Puerto Vallarta is hands-down one of my favorite places on Earth, and it's also one of the top destinations in Mexico to visit. It’s got everything: beaches (both secluded and busy), a great jungle to hike in, nearby small towns to explore, beautiful resorts, boutique hotels and Airbnb's, exciting nightlife, incredible food, and more. Not only have I visited Puerto Vallarta regularly since I was a kid, I’ve also had the wonderful opportunity live and work there for a while during college. It’s definitely a slice of home for me. It just so happens that Puerto Vallarta is also a very beautiful, Instagram-worthy travel destination. Here are the best instagrammable places in Puerto Vallarta, Mexico.
This beach spot is located on the south end of the city - just a short bus ride and you’re there. Mismaloya is far less busy than the beach areas downtown, so if you're looking to avoid the tourist crowds, this is a great place to go. What makes Mismaloya so Instagram-worthy though is how it is enveloped by the jungle and mountains that surround it. I'd also argue that the water there is bluer too.
This is another great beach that also happens to be a hidden gem in Puerto Vallarta. To get to this secluded beach spot, you have to take a bus to Boca de Tomatlan, which is a little further south than Mismaloya. From Boca, you hike through the jungle until you reach the beach. It’ll be easy to spot since it’s the first beach you’ll get to. While it’s relatively small, the scenery is unbelievable and it’s untouched by tourism, which means you’re totally surrounded by just nature.
Old Town Puerto Vallarta – also known as the Romantic Zone – has more of an authentic charm to it as opposed to newer areas of downtown Puerto Vallarta. Photo ideas include a shot of the ocean looking down one of the neighborhood’s cobblestone streets or taking in the view from an Airbnb up in the hills to get a shot of Puerto Vallarta’s gorgeous skyline and bay.
This small town north of Puerto Vallarta has gotten very popular over the years. What was once an off-the-beaten path, quiet surfer town has transformed into a hipster destination perfect for more adventurous travelers who want a low-key experience outside of the city that still has a decent social scene. Sayulita has been built up nicely though and still has a surf culture to it. Parts of the town center are also decorated with Papel Picado, which is a type of colorful Mexican folk art and shows up beautifully in photos.
**Disclaimer: This is not an endorsement of travel during the COVID-19 pandemic. Please use these blog references for when it's okay to safely travel again.
If social media influencers had a Mecca, it would be Los Angeles, so it only makes sense that LA would have some incredible Instagram-worthy locations. However, you don’t have to be an influencer to want great Instagram pictures. Most people who travel to LA are also looking for those beautiful and/or iconic places to get that pic for the ‘gram. As someone who has lived in Los Angeles for 8 years and now just moved back, I’m going to break down some of the top Instagram spots in LA, along with the one you should totally avoid.
This is hands down my favorite place in LA, and it’s also one of the most iconic spots here. The Griffith Observatory is most famous for the James Dean film Rebel without a Cause, but it was also prominently featured in the Oscar-winning hit LA LA Land. Along with being a famous LA landmark, the observatory also has a beautiful view since it sits at the top of Griffith Park overlooking the city. If you do go to the Griffith Observatory, here are my two photo suggestions: 1.) Go at dusk and take photos walking along the back balcony or 2.) Go during the daytime and head to the exact spot from the famous knife scene in Rebel without a Cause. This is located outside in the back of the building on the far east side. Then, have a friend go to the higher level up top to take the photo of you. You’ll get a prime shot of you standing where James Dean stood in the movie along with a beautiful view of the city behind you.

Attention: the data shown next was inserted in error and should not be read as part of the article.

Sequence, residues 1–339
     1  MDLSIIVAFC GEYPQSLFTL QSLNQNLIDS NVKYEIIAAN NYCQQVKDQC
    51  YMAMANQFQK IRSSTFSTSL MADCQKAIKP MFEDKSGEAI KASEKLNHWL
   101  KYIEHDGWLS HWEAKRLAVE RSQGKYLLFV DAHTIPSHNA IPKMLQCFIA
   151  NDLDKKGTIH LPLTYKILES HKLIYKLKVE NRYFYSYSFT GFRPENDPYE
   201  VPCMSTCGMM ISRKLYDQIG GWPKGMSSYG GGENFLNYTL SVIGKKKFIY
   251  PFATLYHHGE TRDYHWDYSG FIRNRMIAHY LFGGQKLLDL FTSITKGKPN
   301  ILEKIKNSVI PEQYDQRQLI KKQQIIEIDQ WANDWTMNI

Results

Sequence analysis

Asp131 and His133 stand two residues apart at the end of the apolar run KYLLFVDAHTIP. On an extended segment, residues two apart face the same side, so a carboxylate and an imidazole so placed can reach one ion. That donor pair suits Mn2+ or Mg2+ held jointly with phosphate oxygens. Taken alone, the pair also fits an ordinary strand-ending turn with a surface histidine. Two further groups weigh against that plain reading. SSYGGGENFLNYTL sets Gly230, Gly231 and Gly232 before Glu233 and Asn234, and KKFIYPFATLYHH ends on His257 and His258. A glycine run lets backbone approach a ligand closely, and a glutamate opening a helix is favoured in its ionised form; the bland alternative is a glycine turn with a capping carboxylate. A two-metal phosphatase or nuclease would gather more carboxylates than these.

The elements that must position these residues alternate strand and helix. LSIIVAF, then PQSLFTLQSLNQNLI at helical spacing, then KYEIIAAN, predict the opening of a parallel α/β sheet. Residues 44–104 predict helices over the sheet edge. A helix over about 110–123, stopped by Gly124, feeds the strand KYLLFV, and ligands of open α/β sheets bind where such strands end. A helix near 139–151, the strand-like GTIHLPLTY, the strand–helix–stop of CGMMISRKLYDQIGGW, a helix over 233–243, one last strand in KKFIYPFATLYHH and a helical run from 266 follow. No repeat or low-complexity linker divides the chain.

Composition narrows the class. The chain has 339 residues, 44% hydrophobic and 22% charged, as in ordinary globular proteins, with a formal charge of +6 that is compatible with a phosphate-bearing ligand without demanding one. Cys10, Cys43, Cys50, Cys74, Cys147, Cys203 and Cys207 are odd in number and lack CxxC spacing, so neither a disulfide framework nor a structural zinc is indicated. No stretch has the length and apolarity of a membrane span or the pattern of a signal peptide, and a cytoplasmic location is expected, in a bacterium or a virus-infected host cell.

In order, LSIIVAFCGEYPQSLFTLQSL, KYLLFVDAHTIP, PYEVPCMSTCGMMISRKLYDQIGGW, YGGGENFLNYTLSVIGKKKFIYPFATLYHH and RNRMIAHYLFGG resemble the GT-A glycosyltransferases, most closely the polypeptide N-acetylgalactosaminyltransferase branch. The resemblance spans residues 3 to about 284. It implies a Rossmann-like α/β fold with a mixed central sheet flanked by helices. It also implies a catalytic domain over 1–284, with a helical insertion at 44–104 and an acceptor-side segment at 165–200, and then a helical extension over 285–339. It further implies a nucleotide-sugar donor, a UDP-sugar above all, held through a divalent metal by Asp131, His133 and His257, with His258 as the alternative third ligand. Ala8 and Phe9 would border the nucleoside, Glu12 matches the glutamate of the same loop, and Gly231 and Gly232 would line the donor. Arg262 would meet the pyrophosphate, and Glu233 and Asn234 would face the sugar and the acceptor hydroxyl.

Solstice Canyon Hiking Trail
Angelenos are known for their love of hiking, yours truly included. And there are certainly plenty of great hikes here. One of the prettiest though is the Solstice Canyon Trail in Malibu. You can hike high in the mountains and get stunning views of the ocean – and I kid you not, the water in Malibu is way more blue. Not only will you get your Instagram picture with a gorgeous backdrop of the mountains and ocean, you’ll also fit in right with the locals. My advice is to try and go on a weekday and be there at least a half-hour before the park opens at 9am. That’s because parking is very limited. My boyfriend and I attempted to do this one time on a Sunday morning. We got there exactly at 9am and it was already full. That being said, if you have the money, you can always use a Lyft or Uber to get you there too and then parking is no problem.
Urban Light at LACMA
This is one of the coolest and most popular public artworks in LA. It’s located on Wilshire Blvd. in front the Los Angeles County Museum of Art. It features columns of vintage street lamps and was created by artist Chris Burden. This place makes for Instagram-worthy pictures day or night, but my personal recommendation is to go at night.
The Last Bookstore
This spot is certainly one of the most unique used book stores you’ll find in LA thanks to how it displays the books there. It’s located in downtown Los Angeles and features displays of books that will go over your head like a tunnel or form a circle that you can put your face through for a picture. It’s also a local favorite. Tourists are usually flocking to places like Santa Monica, Venice, and Hollywood, so if you’re looking for something more off the beaten path then you’ll want to check this place out.
And finally, the Instagram spot to avoid….
The Paul Smith Store on Melrose